The Israelis feel no favor on more reasonable grounds. What exactly has been the Obama plan? The focus on a blanket suspension of “settlement” activity, framed to include housing construction in East Jerusalem – which the U.S. well and long knew, and previously accepted, that Israel categorized differently from the West Bank – in effect mandated the Palestinians do the same and set such a suspension as a precondition for direct talks. A wasted year, and more, has ensued. That could have been no one’s plan.

In addition to simple bungling, two other broad considerations are reasonable, not exclusive of that first. It is reasonable to perceive that uncritical support – love, let us say – of the kind the Bush administration demonstrated, may have done its job, as has lengthier U.S. support in general, in helping to maintain Israeli security, but it has achieved nothing since the Camp David accords in delivering peace or a final settlement. It may well be – I believe it is so – that the Obama administration wants to achieve a peace, and it is willing, in appearance, to love Israel a little less, and be loved back less by Israelis, in order to accomplish it. Foreign policy is, after all, not a love fest, even with allies. It is about pursuing national interests, and American national interests are neither served by Israeli settlements on the West Bank nor by exactly how much of Jerusalem Israel may retain after a final peace.

The second broad consideration, again not exclusive of the others, is that the Obama administration – and that must mean Obama himself – rather than perceive the consistent historical truth of The Refusal, has accepted the currently conventional Israel-Palestinian narrative, the “Israel-is-the-problem” narrative. That narrative assumes and even states outright the usual encomiums for Israel and the Jewish people, acknowledges all of the historical justifications for a Jewish state in Israel, but spins a tale that six decades of conflict-induced callousness, and over three decades of Biblically-driven acquisitiveness for the full extent of the ancient land, have made Israel – the party with the apparent power to give, in contrast to the Palestinians, who have so little – as much, or more, the obstacle to peace as the Palestinians.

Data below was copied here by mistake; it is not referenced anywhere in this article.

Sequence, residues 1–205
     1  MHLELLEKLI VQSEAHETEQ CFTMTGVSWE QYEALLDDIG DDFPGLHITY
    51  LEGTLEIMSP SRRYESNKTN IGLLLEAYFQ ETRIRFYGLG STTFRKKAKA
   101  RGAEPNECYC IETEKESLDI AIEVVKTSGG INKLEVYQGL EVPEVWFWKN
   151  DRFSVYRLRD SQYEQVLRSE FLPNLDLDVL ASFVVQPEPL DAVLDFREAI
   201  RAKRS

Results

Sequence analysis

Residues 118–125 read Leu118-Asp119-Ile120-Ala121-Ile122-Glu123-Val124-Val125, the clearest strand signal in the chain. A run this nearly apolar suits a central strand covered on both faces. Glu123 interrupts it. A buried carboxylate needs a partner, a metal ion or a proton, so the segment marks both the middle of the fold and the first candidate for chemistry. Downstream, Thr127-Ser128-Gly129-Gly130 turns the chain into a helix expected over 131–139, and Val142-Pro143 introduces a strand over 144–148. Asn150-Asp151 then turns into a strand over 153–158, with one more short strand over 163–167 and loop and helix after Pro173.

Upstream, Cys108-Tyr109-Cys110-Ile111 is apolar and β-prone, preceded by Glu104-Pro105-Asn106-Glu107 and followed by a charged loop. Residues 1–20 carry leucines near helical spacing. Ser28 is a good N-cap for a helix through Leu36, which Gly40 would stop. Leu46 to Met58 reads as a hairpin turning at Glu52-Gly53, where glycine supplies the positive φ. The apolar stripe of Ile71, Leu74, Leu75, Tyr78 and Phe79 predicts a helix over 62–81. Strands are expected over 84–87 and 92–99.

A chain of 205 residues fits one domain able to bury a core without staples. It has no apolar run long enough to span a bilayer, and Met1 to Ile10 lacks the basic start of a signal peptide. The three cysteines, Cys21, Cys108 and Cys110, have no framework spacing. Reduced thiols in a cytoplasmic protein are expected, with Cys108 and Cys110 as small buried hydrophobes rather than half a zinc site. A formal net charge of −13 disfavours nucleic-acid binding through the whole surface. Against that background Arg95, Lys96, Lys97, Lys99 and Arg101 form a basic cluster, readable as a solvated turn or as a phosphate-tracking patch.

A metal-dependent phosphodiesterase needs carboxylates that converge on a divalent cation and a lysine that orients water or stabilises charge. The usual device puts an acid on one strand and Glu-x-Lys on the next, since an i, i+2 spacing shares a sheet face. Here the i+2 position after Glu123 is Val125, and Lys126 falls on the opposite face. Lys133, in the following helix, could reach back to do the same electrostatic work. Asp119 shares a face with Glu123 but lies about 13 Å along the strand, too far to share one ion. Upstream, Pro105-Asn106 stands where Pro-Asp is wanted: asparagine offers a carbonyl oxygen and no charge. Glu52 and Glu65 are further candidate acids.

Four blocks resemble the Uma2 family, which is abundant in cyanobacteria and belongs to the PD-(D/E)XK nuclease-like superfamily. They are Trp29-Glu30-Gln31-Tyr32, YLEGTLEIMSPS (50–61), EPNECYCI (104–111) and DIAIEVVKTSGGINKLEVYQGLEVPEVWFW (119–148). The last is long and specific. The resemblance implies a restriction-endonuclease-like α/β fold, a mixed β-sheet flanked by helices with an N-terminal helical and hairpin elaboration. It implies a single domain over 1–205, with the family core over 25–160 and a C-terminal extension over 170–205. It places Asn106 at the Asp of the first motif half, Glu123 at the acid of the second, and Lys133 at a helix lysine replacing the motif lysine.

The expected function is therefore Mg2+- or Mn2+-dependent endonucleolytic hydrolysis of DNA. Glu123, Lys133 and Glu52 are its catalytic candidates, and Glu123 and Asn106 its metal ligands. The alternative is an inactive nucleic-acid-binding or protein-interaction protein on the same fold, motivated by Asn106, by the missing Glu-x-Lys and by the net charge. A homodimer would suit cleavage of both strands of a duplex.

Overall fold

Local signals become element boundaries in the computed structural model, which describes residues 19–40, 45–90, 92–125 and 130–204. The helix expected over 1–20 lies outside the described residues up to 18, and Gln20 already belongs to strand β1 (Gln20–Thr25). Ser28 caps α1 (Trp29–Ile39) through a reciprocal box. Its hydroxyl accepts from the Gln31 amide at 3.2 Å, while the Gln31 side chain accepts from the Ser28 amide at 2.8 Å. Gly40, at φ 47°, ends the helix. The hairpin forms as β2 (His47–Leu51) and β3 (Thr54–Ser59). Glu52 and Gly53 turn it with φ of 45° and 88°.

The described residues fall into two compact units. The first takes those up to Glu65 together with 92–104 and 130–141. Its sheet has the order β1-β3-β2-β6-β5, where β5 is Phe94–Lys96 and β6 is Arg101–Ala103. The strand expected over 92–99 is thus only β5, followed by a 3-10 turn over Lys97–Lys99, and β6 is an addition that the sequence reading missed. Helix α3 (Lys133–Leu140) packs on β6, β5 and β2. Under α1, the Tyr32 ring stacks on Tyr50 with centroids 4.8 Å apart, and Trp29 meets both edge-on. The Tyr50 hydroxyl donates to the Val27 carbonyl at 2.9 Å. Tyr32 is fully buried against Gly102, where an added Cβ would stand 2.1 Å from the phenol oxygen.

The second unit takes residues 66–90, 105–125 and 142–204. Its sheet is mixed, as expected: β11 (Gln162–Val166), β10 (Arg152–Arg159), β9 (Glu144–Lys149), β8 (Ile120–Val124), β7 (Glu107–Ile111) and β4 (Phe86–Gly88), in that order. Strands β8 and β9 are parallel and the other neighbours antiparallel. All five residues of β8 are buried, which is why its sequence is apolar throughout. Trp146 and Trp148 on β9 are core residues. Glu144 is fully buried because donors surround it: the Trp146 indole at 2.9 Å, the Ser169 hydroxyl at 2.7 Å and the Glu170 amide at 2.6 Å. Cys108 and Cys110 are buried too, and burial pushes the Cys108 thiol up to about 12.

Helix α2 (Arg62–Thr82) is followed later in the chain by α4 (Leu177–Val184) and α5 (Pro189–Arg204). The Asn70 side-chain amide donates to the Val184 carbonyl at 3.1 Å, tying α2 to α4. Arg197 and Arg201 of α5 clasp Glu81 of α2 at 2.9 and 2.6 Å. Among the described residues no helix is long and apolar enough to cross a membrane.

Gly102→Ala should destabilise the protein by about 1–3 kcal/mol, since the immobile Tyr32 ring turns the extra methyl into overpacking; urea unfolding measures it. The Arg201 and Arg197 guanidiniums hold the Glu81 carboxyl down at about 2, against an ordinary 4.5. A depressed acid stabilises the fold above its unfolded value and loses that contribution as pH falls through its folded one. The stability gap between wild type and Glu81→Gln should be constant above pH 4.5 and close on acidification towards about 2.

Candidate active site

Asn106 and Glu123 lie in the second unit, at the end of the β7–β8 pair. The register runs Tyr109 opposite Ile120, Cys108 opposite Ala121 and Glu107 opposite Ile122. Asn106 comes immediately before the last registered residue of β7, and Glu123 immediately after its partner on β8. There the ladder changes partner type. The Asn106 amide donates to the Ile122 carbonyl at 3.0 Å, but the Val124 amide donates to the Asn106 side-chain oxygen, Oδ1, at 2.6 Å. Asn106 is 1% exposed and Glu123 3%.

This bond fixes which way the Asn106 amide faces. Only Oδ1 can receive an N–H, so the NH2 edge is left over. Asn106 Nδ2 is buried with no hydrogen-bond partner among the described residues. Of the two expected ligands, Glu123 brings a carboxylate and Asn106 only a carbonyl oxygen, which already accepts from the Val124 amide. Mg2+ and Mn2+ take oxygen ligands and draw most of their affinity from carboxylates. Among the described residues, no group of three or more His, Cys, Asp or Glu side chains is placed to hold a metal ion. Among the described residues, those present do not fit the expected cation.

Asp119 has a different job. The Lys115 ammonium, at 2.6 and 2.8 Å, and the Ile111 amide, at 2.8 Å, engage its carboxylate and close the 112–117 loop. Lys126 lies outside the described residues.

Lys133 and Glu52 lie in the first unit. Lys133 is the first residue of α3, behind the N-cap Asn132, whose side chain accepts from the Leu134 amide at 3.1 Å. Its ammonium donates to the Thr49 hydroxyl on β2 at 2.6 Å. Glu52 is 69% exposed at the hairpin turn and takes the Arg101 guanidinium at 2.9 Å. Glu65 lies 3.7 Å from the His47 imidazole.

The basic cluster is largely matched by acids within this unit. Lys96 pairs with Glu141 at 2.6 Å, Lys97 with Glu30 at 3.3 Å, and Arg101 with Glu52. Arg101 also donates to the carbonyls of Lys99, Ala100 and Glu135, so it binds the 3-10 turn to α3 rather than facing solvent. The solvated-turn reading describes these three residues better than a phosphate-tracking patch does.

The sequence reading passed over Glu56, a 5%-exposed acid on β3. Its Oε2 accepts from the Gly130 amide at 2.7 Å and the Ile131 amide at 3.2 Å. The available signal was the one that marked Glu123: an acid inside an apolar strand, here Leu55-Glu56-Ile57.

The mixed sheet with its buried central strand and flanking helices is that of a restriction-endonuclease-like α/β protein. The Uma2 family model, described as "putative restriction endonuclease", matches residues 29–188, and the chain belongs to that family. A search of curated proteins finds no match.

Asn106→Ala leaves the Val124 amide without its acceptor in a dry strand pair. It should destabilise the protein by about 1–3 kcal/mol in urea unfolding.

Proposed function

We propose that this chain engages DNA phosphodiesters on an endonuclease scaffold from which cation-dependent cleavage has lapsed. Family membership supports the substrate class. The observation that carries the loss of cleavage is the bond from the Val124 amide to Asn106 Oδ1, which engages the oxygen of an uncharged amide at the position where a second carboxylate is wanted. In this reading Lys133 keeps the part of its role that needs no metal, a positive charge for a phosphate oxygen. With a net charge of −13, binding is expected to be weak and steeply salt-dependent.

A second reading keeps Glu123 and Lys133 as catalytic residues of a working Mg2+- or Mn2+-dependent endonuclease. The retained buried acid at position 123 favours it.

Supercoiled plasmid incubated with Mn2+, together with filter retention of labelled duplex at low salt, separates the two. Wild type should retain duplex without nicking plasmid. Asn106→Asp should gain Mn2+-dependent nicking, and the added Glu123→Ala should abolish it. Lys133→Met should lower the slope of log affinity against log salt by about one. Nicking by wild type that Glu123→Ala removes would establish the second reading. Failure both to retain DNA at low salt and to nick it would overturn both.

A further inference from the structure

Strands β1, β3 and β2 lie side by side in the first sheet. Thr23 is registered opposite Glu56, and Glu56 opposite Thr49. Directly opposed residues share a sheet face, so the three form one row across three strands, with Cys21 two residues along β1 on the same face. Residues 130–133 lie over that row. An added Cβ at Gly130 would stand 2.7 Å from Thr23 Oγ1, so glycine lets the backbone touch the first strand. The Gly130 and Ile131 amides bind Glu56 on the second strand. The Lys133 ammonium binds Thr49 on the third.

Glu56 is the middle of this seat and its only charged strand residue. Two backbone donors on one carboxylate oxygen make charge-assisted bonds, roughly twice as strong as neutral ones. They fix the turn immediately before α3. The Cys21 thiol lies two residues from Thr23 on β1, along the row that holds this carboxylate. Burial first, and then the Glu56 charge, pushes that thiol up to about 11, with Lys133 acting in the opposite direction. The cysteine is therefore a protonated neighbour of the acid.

How this narrative became conventionally accepted has been addressed by many, but to the degree that there was ever an element of truth, Barry Rubin has reminded us that such a storyline is already two decades out of date.

Among Palestinians, as more broadly with almost all of the public in the Muslim-majority world and a lot of the elite classes in Europe, there exists a mythical Israel, reminiscent of the fabricated antisemitic stereotypes of the past, that has little to do with reality. They believe Israel isn’t interested in peace, doesn’t offer the Palestinians anything, opposes any real Palestinian state, intends to keep the West Bank (until Israel’s withdrawal from all of the Gaza Strip they would have added that territory as well), and is led by intransigent hardliners. Such a conception was comprehensible–if not fully accurate–describing the situation in parts of the 1980s but has nothing to do with the last 20 years.